Italy Cooking Vacations: USDA Lifts Cured Meats Ban
Traveling to Italy, and back, just got even better. The U.S. Department of Agriculture (USDA) has finally lifted the ban on bringing cured meats, or salumi, from Italy back to the U.S., according to the NPR on May 16. Unfortunately the lifted ban doesn’t go into effect in all provinces of the European country — particularly Umbria and Tuscany — but it will impact what you’re carrying onto the airplane from Lombardy, Veneto, Piedmont, and perhaps most exciting of all, Emilia-Romagna.
Why is bringing back salumi from Emilia-Romagna so thrilling? Because it’s the land of culatello, the soft, robust salumi made and aged by none other than the King of Ham, who travelers can meet during our 3-night cooking vacation “Flavors of the Real Italian Countryside.”
The King of Ham, Chef Massimo Spigaroli, deserves that title. His Culatello di Zibello, made from the upper hind legs of the pig, is dried and aged between 13 and 20 months in 500-year-old caves at Antica Corte Pallavicina. This meat, which translates to “little backside,” has become so famous in large part due to its amazing flavors, which are more refined than the widely-available prosciutto di parma.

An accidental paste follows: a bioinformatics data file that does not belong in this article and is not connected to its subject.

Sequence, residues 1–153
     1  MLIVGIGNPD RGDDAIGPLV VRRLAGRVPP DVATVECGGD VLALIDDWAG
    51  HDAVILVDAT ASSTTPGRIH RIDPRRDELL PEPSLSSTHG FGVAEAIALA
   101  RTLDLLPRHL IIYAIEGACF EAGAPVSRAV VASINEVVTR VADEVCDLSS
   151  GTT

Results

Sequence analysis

Chef Spigaroli’s culatello is not new to the area. In fact, the relais dates back to 1320 and over the centuries, it’s survived the Po River, which has changed its course a number of times. Centuries ago, culatelli was aged in the cellars and sent to the Dukes of Milan, and cheese was made in a “maturing room” — and now, in 2013, those rooms are serving the same purposes all over again.
Our Emilia Romagna culinary vacation “Flavors of the Real Italian Countryside” includes 3 nights at Antica Corte Pallavicina, an amazing breakfast spread, a guided tour of the farm, a gourmet tour, and of course a once-in-a-lifetime cooking class with Chef Spigaroli.
You can also take a cookery course with the King of Ham during our six-night food tour of Italy, “Gastronomy in Parma and Bologna.” In addition to the classes, stay in both Parma and Bologna and experience other food tastings — including prosciutto, salami, and wine — in addition to enjoying the unbelievable flavors of culatello, which you can now bring home with you!
By Liz HallBy Liz SanFilippo Hall